The Great
Volume 17, No. 2  Fall 2015
Society To Commemorate The Day Thaddeus Stevens And
Edward McPherson Saved The Country
  The 150th anniversary of one of most important and pivotal moments in American history will be
celebrated in two events in Lancaster, PA, by the Thaddeus Stevens Society and the Thaddeus Stevens
College of Technology on Friday, December 4.
  The event being commemorated is the barring of southern representatives on December 4, 1865, that
was orchestrated by Thaddeus Stevens, the most powerful congressman at the time and an ardent
abolitionist. By blocking the southerners from taking their seats, Stevens and other Republicans prevented
Democrats from taking over Congress and reversing the gains of the Civil War, including the elimination
of slavery.
  The first event to mark the anniversary is a wreath laying at Stevens’s grave at 2 p.m. at the Shreiner-
Concord Cemetery at Mulberry and Chestnut Street in Lancaster, PA. The second event is a re-
enactment of the Congressional confrontation that will be staged at 6 p.m. at Mellor Hall at the Thaddeus
Stevens College of Technology, 750 East King Street, Lancaster. A light dinner will be served and a
group discussion will follow the re-enactment. Both events are free and open to the public.
   If you plan to attend, please email us at or call 717-334-1912.

Click here to learn more about December 4, 1865.
Interview with Bruce Levine, Award-Winning Historian
Who Is Working On New Biography of Thaddeus Stevens
   One of the most anticipated events for Thaddeus Stevens fans is the new biography of the Great
Commoner by award-winning historian Bruce Levine. Due out in three years, the preliminary title is
Thaddeus Stevens: Revolutionary.
   There have only been two Stevens biographies in the last 20 years, one by Hans Trefousse in 1997,
Thaddeus Stevens, Nineteenth-Century Egalitarian, and Bradley Hoch’s Thaddeus Stevens in Gettysburg:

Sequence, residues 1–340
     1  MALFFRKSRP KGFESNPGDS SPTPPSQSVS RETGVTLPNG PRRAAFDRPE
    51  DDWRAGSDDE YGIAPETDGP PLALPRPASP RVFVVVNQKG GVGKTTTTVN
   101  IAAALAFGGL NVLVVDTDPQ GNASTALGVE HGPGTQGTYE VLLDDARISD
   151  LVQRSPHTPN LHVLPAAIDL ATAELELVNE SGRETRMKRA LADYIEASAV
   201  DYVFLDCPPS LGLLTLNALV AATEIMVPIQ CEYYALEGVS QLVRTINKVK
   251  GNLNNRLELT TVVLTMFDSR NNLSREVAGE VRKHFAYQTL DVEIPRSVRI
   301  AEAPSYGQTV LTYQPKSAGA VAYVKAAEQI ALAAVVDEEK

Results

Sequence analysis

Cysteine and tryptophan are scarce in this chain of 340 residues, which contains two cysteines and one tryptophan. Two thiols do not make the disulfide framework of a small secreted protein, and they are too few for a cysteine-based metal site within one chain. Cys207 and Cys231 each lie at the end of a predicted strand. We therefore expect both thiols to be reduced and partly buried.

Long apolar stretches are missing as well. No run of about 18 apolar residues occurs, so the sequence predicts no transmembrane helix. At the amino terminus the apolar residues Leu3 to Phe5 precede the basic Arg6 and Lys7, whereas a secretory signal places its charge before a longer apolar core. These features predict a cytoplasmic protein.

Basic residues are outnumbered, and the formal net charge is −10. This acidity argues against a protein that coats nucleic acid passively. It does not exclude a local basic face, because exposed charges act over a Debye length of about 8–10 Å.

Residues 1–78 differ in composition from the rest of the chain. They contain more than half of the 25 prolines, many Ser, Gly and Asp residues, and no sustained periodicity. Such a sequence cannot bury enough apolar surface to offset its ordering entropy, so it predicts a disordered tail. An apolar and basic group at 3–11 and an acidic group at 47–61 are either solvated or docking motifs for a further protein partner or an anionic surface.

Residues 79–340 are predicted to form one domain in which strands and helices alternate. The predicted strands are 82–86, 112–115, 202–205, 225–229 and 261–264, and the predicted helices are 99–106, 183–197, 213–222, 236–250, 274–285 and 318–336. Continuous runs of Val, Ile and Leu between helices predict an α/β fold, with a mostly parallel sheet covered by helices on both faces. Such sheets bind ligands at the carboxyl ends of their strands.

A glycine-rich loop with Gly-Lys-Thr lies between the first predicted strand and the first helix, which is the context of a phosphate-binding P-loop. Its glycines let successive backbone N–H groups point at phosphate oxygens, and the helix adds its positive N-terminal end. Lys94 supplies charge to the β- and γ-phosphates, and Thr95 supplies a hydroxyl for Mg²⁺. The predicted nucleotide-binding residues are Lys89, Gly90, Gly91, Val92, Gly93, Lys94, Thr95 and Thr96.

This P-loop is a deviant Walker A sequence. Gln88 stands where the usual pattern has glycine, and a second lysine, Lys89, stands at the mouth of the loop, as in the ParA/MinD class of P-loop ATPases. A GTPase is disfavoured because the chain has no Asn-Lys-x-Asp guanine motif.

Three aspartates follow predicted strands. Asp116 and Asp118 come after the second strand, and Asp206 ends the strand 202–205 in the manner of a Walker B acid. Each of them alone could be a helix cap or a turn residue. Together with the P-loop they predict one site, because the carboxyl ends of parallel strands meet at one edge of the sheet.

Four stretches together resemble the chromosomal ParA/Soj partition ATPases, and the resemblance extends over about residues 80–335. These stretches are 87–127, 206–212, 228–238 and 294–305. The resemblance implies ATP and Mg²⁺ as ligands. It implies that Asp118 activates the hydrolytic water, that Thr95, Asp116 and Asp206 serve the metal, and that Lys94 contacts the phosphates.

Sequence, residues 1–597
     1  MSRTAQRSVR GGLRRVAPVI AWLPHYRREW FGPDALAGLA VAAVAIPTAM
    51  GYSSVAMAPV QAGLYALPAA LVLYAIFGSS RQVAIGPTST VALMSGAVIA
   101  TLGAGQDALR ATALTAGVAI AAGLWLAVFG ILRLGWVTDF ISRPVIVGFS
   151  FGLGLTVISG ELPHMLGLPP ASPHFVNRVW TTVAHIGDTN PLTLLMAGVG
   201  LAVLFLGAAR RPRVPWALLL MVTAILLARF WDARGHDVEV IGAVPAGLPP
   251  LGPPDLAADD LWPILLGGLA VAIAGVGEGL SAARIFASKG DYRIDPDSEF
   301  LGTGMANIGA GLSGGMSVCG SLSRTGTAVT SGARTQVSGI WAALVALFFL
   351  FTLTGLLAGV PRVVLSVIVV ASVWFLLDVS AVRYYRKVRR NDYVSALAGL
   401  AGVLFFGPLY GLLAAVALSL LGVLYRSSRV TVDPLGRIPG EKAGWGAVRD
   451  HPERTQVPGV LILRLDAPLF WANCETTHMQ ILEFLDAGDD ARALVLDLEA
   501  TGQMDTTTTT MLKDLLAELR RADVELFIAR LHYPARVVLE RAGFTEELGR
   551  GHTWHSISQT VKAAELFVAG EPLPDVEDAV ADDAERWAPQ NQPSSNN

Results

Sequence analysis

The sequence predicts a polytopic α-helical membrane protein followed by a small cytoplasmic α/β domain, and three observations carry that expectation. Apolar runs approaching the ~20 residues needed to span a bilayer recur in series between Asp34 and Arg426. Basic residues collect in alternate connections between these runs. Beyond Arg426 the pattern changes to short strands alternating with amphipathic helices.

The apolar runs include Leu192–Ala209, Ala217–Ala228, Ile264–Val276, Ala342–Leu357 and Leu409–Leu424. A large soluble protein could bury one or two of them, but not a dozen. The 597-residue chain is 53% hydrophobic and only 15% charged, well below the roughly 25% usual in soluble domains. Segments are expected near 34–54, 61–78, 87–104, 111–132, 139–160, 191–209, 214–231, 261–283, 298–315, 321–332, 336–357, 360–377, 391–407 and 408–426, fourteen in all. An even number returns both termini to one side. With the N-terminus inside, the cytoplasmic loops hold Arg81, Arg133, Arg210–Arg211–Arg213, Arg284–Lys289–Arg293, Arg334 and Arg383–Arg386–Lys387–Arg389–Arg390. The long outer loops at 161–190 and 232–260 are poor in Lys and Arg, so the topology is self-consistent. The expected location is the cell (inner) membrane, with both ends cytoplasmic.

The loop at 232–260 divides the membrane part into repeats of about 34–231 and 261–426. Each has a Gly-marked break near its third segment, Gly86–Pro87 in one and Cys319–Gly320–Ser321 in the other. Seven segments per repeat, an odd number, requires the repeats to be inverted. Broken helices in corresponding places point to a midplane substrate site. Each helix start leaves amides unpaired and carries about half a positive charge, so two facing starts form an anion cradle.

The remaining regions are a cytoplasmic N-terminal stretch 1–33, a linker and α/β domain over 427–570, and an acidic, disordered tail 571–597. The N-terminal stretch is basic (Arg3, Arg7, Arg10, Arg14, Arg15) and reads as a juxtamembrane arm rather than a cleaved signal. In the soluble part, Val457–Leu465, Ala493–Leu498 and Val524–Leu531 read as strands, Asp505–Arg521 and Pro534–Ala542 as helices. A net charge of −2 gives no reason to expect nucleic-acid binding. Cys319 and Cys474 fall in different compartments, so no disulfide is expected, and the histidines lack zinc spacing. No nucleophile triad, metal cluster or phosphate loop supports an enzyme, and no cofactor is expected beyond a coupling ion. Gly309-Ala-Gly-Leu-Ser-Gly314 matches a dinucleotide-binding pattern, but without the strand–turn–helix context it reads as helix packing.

the Making of an Abolitionist, published in 2007.
   Levine is the J.G. Randall Distinguished Professor of History at the University of Illinois, Urbana-
Champaign. He has written three books on the Civil War era and was a principal author of the textbook,
Who Built America. His most recent book was The Fall of the House of Dixie: The Civil War and the
Social Revolution That Transformed The South. Recently he was kind enough to answer some questions
about his planned Stevens biography.
   Click here for the interview:
Stevens Quote:
   "Least of all would I reproach the South. I honor her courage and fidelity. Even in a bad, a wicked
cause, she shows a united front. All her sons are faithful to the cause of human bondage, because it is their
cause. But the North -- the poor, timid, mercenary, driveling North -- has no such united defenders of her
cause, although it is the cause of human liberty. None of the bright lights of the nation shine upon her
section. Even her own great men have turned her accusers. She is the victim of low ambition -- an
ambition which prefers self to country, personal aggrandizement to the high cause of human liberty. She is
offered up as a sacrifice to propitiate southern tyranny -- to conciliate southern treason." -- June 10, 1850.
More Discussion on Stevens/Lincoln Film
   In a recent announcement about a Thaddeus Stevens Halloween video marathon at the cemetery where
he is buried, Randy Harris, chairman of the Shreiner-Concord Cemetery Foundation, took the opportunity
to comment on the Lincoln film. This prompted Frank Ninivaggi to write a response. Below are their two
takes on the 2012 movie.
   Besides being chairman of the group that oversees the cemetery where Stevens is buried, Harris is the
former director of Historic Preservation Trust of Lancaster and an independent consulting historian.
Ninivaggi is an admirer of both Lincoln and Stevens and is an adjunct history instructor who has taught at
Iona College in New Rochelle, N.Y.
  Click here for the discussion: